· Provide partnership opportunities with “like-minded” agencies like mental health agencies, drug and alcohol treatment providers, primary care providers, recovery organizations, and homeless services providers, who are potential vending machine hosts.
· Assist in reaching people who are hard to reach, or who have been resistant to services, such as the unsheltered homeless population in suburban or rural areas who may not have access to harm reduction services more often offered in urban areas.
Finally, and importantly, vending machines may help to reduce the stigma of practicing harm reduction by allowing people to access clean supplies discreetly. Syringe vending machines serve as a component of harm reduction services in other parts of the world; however, as far as we know, the only other such program in the US was in Puerto Rico. Unfortunately, that machine was damaged during Hurricane Maria and has closed.
How do syringe vending machines work?
Only clients who have vending machine swipe cards and an identification number are able to access the machines. To receive these, clients are required to show some form of identification, to help prevent someone from receiving multiple accounts. Clients then complete a form with basic demographics, service needs, and information about current practices. They will then receive their swipe card to access the vending machine, along with an identification number that can be used if the card is lost.
Items in the machine are pre-programmed to only dispense a certain amount. This ensures that one person does not empty the full machine. Each machine has a sharps disposal container located next to it.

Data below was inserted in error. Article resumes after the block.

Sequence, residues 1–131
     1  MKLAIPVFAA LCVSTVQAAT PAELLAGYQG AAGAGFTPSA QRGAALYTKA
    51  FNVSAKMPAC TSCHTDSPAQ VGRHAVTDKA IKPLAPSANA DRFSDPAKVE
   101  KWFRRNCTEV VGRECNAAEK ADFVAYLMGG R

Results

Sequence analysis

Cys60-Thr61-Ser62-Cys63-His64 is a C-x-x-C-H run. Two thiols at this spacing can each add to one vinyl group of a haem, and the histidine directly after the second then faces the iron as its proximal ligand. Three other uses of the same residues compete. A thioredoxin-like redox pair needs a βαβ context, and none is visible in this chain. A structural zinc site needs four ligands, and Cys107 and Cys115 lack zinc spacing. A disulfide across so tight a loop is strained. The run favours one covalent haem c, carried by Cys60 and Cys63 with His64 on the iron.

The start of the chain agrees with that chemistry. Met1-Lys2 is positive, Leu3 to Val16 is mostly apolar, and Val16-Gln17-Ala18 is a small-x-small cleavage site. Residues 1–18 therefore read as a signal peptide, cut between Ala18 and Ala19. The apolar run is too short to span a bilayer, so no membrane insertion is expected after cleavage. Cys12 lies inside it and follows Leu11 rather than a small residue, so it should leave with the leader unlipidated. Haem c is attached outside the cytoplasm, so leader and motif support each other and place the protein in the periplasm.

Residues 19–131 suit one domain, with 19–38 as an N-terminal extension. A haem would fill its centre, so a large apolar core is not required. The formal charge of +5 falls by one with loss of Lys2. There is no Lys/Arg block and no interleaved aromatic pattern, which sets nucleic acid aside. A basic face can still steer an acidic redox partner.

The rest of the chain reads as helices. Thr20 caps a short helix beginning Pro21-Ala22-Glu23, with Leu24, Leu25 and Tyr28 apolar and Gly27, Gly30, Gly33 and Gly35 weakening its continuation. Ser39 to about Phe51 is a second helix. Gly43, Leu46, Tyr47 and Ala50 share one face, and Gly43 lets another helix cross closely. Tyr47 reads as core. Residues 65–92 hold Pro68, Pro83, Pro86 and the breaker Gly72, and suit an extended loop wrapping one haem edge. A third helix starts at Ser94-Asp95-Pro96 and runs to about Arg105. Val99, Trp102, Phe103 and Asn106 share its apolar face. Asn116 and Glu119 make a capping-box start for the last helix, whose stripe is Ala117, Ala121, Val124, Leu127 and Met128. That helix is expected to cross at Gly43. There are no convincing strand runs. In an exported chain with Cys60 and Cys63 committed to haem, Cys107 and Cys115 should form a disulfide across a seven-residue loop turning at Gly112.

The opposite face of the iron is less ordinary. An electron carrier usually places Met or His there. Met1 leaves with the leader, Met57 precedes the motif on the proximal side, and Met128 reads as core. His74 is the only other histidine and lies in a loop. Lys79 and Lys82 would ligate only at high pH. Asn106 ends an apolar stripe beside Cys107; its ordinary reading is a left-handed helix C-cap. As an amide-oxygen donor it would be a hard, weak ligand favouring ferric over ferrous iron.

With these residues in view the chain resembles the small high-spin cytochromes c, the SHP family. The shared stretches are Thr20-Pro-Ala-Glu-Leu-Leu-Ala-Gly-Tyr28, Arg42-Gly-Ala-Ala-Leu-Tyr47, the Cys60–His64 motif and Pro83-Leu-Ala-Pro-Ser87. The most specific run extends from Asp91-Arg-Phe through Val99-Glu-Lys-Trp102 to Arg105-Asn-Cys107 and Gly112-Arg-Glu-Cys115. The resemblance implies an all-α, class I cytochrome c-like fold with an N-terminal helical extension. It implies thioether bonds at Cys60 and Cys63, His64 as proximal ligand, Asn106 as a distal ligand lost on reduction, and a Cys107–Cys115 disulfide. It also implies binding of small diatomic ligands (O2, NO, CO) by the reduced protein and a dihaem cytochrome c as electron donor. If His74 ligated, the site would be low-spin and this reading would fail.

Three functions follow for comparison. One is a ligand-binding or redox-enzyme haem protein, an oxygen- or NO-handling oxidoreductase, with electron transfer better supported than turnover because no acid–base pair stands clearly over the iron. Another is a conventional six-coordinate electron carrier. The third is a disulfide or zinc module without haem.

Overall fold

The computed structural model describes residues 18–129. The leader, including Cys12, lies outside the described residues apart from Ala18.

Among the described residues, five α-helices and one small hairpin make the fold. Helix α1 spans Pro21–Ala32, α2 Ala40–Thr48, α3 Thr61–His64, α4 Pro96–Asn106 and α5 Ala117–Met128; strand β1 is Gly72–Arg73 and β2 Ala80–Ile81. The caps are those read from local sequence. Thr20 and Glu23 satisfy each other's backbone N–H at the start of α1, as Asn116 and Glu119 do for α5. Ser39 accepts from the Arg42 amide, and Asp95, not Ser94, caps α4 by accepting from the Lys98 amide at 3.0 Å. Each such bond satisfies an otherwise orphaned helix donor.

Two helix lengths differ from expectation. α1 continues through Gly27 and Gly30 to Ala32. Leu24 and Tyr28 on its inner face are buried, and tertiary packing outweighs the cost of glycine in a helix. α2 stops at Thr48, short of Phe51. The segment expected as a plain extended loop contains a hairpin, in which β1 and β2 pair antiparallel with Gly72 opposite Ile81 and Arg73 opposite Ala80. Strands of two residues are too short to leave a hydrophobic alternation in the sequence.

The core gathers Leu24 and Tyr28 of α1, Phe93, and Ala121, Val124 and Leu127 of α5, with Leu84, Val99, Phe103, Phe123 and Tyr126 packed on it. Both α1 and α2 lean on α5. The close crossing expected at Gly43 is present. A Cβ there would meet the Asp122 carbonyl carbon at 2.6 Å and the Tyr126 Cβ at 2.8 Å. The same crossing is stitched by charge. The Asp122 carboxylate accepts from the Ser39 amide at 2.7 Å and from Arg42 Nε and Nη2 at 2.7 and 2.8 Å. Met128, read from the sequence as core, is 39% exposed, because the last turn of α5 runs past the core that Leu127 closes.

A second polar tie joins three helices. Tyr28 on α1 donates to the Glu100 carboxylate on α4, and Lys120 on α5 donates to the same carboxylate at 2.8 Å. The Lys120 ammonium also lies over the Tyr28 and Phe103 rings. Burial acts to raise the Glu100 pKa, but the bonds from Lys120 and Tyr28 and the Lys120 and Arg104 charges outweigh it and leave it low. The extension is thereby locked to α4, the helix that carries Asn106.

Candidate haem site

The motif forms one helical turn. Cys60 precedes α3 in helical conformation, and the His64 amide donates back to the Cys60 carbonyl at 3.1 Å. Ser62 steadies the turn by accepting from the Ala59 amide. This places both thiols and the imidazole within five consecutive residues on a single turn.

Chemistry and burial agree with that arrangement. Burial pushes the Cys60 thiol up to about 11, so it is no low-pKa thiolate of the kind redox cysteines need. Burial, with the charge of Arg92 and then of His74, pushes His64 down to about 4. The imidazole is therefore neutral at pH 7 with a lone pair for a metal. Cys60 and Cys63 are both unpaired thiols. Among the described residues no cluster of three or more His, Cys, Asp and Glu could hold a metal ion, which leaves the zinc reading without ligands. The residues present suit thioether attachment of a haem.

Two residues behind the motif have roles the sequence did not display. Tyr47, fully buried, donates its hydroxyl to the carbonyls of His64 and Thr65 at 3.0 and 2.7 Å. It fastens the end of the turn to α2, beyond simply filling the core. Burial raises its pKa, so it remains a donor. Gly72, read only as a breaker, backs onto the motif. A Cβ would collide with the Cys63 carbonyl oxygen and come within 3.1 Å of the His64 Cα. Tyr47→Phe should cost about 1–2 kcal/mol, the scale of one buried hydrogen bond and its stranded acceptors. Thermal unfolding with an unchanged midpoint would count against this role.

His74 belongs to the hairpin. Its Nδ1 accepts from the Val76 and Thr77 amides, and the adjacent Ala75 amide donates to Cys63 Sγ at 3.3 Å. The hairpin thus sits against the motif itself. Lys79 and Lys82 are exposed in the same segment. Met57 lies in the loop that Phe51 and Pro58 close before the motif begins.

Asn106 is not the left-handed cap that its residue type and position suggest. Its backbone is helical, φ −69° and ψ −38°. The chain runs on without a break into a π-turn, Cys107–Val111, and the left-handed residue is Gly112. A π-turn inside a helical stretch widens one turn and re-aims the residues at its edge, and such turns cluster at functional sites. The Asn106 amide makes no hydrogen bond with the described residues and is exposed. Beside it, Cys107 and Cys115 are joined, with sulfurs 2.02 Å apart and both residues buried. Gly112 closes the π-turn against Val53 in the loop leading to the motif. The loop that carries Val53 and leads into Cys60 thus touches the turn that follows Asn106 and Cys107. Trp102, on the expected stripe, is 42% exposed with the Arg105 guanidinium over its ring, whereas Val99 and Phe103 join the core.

What is in a vending machine?
· Needle kit that includes necessary supplies and information about Medication Assisted Treatment (MAT) and other similar resources
· Safe sex kit
· Wound care kit
· Sharps container kit for safe needle disposal
There is no limit to what can be included in the kits and dispensed in the vending machines. The Health District and partners are open to hearing from the community about additional needs and services for inclusion in the kits.
What has been the impact?
· In the first year of operations, nearly 300 unique accounts that went on to have at least one syringe vending machine transaction, and there were a total of 2,712 vending machine transactions. A total of 2,354 syringe kits were distributed by the vending machines, equaling 23,540 syringes distributed.
· Currently, clients have access to three machines in Southern Nevada.
· The majority of clients were male (67%), white (79%), non-Hispanic (85%), and between 21 and 34 years old (52%).
· Syringe vending machine use appeared to be more frequent among people experiencing homelessness – compared to people who were housed, and those who were homeless had a higher average number of transactions.
Use of the vending machines also allowed valuable information to be gathered about clients and their drug use, which will be used to ensure services continue to respond to their needs. Importantly, about a quarter of clients requested a hepatitis C or an HIV test, and 10 percent requested education about either of these diseases, with 5 percent seeking a referral for drug treatment. About a quarter also said they were sharing needles and about a third said they were sharing other injection equipment, illustrating how important clean paraphernalia can be for stopping the spread of disease through injection drug use. Finally, nearly half of the clients requested naloxone, and 70 percent of them said they had someone they could trust to help should an overdose occur.
We’re proud to build on the overwhelming evidence behind syringe exchange programs by introducing the next generation of technology. The science of this crucial public health intervention is no longer limited by the amount of staff on hand, or even the number of working hours in a day. Syringe vending machines have been a success for the Health District, its partners, and most importantly, the clients we aim to keep healthy and safe. Our team is looking for opportunities to expand to rural communities and to provide additional services through the vending machines, and we hope to see a similar model take hold in other localities where needed and appropriate.